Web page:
The University of Texas at Arlington

The University of Texas at Arlington

UTA Planetarium

UTA Planetarium

Ask the Astronomer Q&A

Tag: "ecliptic"

  • Does the longitude of the Vernal Equinox move around the equator once during 25,800 cycle of the precession of the equinox?
  • Yes, the vernal equinox does change its position due to precession. The equinox points are the points in space where the celestial equator and ecliptic meet. The one that the Sun travels from Southern hemisphere to Northern hemisphere is called Vernal point. This intersection point moves Westward in space at approximately 50 arcsecs/year (Precession motion). That’s why NCP moves across the sky changing the North Star in the long-term. One cycle takes approximately 26,000 yrs. Precession motion changes the position of Vernal Point in reference to the background stars. But the Vernal Point will always be Right Ascension (RA) = 0 because we defined it that way. This means that RA and Declination (DEC) of stars will shift over a long time. For this reason, star catalogues include the year when listing RA and DEC of stars.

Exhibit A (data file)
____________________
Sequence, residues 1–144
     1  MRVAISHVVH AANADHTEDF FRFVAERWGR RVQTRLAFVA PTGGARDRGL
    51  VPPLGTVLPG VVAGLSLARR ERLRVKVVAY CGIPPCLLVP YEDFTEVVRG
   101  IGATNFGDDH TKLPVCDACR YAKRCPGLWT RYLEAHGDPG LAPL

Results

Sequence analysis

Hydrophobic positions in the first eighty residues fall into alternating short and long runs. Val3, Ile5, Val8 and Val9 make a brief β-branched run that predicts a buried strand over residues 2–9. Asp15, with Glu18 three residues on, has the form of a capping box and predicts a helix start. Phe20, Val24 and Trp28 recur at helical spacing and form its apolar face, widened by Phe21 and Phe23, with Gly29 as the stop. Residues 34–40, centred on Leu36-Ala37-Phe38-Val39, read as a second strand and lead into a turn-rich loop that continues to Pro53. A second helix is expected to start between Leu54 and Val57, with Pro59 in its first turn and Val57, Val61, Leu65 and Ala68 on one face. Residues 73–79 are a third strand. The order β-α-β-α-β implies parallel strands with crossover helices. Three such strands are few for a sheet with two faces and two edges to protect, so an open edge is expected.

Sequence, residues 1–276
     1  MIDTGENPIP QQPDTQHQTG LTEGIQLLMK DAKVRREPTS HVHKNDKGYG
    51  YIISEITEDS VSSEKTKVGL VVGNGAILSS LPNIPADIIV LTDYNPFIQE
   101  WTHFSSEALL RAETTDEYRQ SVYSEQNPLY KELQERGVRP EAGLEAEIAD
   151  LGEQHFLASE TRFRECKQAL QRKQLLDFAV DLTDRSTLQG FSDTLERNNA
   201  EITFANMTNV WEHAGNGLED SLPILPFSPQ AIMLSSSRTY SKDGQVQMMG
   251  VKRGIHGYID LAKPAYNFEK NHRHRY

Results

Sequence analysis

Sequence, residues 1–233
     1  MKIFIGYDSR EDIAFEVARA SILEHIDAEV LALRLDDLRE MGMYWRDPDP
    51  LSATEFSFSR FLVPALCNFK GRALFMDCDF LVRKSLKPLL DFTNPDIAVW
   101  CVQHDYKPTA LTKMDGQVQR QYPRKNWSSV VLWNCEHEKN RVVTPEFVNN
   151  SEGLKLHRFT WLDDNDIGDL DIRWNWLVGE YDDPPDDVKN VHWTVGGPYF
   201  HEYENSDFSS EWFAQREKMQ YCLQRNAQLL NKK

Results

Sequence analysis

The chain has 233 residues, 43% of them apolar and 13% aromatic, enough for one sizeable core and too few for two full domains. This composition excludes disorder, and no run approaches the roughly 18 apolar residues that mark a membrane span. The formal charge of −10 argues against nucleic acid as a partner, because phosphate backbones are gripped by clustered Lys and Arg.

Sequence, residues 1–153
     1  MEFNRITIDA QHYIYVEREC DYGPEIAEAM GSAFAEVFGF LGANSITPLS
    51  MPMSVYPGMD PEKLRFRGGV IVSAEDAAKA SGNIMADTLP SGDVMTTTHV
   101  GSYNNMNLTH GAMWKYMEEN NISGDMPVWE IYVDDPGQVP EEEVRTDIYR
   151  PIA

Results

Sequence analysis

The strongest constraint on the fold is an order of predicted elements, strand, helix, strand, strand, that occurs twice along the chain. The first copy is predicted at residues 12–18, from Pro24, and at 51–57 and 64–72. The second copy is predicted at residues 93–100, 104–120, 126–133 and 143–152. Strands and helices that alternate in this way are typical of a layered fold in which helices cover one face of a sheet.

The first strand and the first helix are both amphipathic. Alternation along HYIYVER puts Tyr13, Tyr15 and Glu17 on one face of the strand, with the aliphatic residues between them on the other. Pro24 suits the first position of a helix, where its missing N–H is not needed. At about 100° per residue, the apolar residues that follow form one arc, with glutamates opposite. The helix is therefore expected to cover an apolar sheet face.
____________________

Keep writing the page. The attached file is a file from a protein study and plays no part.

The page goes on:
(Tags:  ecliptic  equinox  precession)
  • Does the plane of revolution of planets have anything to do with the angle of which their parent star rotates?
  • The revolution of all planets are in a plane called the invariable plane, that is defined with the angular momentum of the solar system. But there is an uncertainty on the invariable plane as we don’t know every object in the solar system. For this reason, we call ecliptic, the plane Earth revolves around the Sun, the plane of the Solar System for convenience. Sun’s rotation axis is tilted by about 7 degrees to the perpendicular to the ecliptic. Stars’ rotation axis has a lot to do with the invariable plane during the formation of stars, but we can’t rule that the invariable planes will be in 90 degrees tilt with rotation axis of host stars.

    (Tags:  ecliptic  solar system  star  sun)